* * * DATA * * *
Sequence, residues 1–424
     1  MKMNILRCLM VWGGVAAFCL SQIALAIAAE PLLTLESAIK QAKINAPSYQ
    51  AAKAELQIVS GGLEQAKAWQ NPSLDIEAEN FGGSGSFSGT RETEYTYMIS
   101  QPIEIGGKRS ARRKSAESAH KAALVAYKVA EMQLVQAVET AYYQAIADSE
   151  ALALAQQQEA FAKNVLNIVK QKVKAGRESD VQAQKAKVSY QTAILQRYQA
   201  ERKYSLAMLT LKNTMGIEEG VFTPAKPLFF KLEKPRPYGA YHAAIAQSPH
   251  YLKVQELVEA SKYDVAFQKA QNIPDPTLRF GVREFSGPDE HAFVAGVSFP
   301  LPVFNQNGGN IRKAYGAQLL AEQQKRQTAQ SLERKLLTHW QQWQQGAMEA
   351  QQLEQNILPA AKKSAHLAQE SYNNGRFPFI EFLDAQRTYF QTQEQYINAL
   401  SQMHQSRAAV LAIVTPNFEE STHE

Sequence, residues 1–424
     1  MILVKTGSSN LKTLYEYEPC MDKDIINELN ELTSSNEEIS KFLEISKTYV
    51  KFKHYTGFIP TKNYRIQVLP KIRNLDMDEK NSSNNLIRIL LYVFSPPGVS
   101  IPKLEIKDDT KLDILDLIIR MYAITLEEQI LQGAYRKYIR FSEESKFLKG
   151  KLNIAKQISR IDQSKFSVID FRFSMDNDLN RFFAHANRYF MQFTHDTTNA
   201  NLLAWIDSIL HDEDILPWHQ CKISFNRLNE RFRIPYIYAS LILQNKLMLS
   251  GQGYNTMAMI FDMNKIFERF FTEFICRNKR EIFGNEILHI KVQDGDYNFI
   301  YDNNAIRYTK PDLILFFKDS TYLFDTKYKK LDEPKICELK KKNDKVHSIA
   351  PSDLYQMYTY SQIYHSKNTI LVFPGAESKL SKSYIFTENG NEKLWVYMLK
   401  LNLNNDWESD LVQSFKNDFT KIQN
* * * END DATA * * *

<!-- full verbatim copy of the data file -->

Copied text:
Sequence, residues 1–424
     1  MKMNILRCLM VWGGVAAFCL SQIALAIAAE PLLTLESAIK QAKINAPSYQ
    51  AAKAELQIVS GGLEQAKAWQ NPSLDIEAEN FGGSGSFSGT RETEYTYMIS
   101  QPIEIGGKRS ARRKSAESAH KAALVAYKVA EMQLVQAVET AYYQAIADSE
   151  ALALAQQQEA FAKNVLNIVK QKVKAGRESD VQAQKAKVSY QTAILQRYQA
   201  ERKYSLAMLT LKNTMGIEEG VFTPAKPLFF KLEKPRPYGA YHAAIAQSPH
   251  YLKVQELVEA SKYDVAFQKA QNIPDPTLRF GVREFSGPDE HAFVAGVSFP
   301  LPVFNQNGGN IRKAYGAQLL AEQQKRQTAQ SLERKLLTHW QQWQQGAMEA
   351  QQLEQNILPA AKKSAHLAQE SYNNGRFPFI EFLDAQRTYF QTQEQYINAL
   401  SQMHQSRAAV LAIVTPNFEE STHE

Sequence, residues 1–424
     1  MILVKTGSSN LKTLYEYEPC MDKDIINELN ELTSSNEEIS KFLEISKTYV
    51  KFKHYTGFIP TKNYRIQVLP KIRNLDMDEK NSSNNLIRIL LYVFSPPGVS
   101  IPKLEIKDDT KLDILDLIIR MYAITLEEQI LQGAYRKYIR FSEESKFLKG
   151  KLNIAKQISR IDQSKFSVID FRFSMDNDLN RFFAHANRYF MQFTHDTTNA
   201  NLLAWIDSIL HDEDILPWHQ CKISFNRLNE RFRIPYIYAS LILQNKLMLS
   251  GQGYNTMAMI FDMNKIFERF FTEFICRNKR EIFGNEILHI KVQDGDYNFI
   301  YDNNAIRYTK PDLILFFKDS TYLFDTKYKK LDEPKICELK KKNDKVHSIA
   351  PSDLYQMYTY SQIYHSKNTI LVFPGAESKL SKSYIFTENG NEKLWVYMLK
   401  LNLNNDWESD LVQSFKNDFT KIQN